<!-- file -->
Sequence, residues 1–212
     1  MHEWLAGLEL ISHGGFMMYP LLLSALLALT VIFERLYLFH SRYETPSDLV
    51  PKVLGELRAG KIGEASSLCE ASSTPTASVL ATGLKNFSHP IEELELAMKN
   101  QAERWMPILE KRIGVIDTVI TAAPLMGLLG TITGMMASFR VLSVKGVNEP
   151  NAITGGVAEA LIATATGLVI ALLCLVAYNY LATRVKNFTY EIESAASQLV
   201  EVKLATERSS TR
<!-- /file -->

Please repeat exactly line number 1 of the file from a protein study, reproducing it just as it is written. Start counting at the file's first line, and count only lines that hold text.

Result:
Sequence, residues 1–212